Barbara and Duncan Smiths' weekend camping trip at Bodega Dunes State Campground was a little quieter this month because a group of friends who join them every year couldn't get camping reservations.
The Smiths, who live in the Sacramento Delta area, have spent an autumn weekend at Bodega Dunes for years, and in past seasons the campground had 90 spaces available. Now just one loop is open with a total of 20 spaces — and those get reserved well in advance for weekends.
An adjacent day use beach area that has been easy to reach for the couple and their two young children is closed this fall, meaning they'll have to drive a longer distance to play in the sand.
The Smiths lament service cutbacks by the California State Parks system, but that won't stop them from coming to the Sonoma Coast. It just means arranging reservations long in advance.
"We love this section of the coast. It's frustrating. One option would be to raise fees. We want to be able to access the beach. We work hard and pay taxes and want to enjoy it," said Barbara Smith.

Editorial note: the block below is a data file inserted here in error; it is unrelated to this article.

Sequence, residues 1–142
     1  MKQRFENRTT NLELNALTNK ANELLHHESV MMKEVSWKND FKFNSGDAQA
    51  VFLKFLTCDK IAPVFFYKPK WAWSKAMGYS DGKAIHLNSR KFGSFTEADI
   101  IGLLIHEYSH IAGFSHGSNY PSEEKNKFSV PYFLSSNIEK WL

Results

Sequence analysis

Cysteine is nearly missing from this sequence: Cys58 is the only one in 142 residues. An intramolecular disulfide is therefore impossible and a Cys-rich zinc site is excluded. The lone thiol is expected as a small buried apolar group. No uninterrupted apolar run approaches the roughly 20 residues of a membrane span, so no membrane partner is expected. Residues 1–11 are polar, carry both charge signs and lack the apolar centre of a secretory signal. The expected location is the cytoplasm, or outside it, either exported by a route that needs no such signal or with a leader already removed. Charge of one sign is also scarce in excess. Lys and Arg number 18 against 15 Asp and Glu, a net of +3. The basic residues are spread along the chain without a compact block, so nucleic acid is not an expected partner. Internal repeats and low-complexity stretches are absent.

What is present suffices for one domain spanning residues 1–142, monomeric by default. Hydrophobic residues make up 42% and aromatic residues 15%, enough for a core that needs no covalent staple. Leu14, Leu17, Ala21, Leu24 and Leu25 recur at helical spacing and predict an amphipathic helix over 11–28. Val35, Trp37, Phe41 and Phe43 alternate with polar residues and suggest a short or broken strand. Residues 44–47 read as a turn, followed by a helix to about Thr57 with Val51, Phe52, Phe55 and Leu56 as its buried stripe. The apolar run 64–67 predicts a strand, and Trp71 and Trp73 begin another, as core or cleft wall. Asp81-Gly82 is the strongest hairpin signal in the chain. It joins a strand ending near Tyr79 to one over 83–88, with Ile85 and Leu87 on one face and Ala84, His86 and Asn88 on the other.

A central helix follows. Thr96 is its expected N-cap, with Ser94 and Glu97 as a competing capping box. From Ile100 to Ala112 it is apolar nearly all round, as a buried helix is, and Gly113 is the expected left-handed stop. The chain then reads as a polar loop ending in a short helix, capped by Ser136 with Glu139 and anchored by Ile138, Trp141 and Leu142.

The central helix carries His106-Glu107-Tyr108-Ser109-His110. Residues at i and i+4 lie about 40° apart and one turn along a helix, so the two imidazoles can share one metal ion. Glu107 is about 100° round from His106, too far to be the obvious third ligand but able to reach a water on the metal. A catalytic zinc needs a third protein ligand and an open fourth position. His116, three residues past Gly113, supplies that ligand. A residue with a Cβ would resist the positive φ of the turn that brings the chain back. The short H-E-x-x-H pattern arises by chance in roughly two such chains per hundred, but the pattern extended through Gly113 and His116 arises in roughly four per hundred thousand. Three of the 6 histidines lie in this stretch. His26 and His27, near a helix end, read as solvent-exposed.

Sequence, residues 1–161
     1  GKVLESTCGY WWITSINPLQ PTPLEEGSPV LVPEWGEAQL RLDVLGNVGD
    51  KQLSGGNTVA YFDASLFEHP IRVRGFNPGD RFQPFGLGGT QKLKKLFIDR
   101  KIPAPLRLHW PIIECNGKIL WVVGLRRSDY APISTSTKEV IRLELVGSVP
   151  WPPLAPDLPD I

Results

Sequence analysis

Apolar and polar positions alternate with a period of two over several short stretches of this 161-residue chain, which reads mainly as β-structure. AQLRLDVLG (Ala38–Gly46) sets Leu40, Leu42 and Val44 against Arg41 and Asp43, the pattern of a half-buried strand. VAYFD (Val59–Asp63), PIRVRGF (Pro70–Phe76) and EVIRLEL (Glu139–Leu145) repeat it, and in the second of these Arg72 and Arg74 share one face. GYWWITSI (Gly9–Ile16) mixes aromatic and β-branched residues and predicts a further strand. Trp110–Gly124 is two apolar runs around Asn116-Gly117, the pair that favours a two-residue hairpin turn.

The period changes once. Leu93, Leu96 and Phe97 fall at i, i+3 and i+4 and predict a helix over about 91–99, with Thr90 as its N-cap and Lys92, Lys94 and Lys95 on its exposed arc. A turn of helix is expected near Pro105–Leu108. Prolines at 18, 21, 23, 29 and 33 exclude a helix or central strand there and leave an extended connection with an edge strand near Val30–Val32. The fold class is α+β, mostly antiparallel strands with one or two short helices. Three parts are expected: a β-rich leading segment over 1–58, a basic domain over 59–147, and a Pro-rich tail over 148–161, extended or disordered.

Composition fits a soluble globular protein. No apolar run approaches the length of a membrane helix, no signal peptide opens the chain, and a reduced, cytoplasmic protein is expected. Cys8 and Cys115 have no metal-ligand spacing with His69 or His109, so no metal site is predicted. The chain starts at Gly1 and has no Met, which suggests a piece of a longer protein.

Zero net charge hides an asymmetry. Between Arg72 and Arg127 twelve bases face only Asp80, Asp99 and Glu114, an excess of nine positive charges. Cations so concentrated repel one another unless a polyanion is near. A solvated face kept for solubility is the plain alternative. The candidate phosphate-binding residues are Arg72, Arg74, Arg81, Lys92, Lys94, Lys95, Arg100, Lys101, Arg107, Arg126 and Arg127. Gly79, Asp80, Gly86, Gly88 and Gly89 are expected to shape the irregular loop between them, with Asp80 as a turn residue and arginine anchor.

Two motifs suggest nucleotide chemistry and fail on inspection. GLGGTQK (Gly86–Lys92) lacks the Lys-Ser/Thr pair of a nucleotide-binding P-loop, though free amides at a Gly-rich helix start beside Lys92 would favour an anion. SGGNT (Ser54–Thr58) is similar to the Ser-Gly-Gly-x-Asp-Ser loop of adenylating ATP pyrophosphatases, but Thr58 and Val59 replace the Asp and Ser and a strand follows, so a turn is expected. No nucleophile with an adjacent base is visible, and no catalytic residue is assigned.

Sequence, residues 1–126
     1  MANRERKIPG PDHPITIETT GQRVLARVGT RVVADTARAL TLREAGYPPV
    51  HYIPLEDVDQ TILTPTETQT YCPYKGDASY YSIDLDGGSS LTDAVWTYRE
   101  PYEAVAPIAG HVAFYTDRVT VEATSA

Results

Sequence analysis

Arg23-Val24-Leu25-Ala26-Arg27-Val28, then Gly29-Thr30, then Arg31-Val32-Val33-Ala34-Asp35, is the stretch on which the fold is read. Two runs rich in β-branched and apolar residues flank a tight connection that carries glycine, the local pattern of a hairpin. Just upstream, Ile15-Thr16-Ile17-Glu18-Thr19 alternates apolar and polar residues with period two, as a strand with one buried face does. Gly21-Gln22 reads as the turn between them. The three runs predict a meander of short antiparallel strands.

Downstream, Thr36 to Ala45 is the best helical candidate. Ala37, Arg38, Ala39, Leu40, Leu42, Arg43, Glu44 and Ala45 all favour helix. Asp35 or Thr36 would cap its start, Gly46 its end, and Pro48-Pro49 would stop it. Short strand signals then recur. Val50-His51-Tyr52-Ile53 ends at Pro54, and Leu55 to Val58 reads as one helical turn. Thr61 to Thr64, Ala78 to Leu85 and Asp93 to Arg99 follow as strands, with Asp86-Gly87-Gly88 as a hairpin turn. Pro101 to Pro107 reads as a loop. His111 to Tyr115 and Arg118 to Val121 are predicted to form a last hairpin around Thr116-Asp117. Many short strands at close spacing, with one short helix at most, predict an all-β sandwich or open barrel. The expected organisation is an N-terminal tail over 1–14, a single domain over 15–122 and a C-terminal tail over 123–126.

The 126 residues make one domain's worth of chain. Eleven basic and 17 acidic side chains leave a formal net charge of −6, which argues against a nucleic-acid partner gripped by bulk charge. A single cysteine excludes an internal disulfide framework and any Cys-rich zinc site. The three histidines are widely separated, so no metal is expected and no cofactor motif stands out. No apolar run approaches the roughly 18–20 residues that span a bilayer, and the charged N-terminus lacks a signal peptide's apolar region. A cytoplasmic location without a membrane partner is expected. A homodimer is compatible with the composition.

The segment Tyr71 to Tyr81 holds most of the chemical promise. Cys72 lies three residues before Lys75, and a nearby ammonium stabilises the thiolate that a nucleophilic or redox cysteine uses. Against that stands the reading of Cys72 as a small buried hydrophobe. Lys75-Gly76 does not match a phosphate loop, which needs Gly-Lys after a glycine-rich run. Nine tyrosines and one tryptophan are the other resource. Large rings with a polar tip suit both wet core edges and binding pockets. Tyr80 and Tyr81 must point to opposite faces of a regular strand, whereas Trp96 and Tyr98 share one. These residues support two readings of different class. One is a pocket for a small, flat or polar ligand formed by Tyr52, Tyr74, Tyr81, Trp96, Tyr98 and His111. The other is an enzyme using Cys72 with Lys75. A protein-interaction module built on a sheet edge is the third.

With 70 state parks threatened with closure by next summer and services reduced in many parks staying open, campers and day-trippers will begin seeing noticeable changes along Sonoma and Mendocino county beaches.
The state has closed a few campgrounds and many day-use areas, said Jenny Donovan, public safety superintendent of the state parks' Russian River District. Some blufftop day use parking lots with restrooms, picnic tables and garbage cans, such as Schoolhouse Beach, are now barricaded.
Pat Essex, a campground host at Bodega Dunes, said this is the third autumn in a row that the campground has closed the majority of campsites.
"We get a lot of off-the-road campers in the evening looking for a space, and now we can't accommodate them because everything is booked. This is the fifth-busiest park in the state," Essex said, noting a popular beach access at Bodega Dunes is closed now for the winter.
In addition to closing day use areas and campgrounds, state parks has steadily reduced amenities like evening campfire and junior ranger programs. It is turning to volunteers with nonprofit groups like Mendocino Area Parks Association and Stewards of the Coast and Redwoods to do interpretive presentations.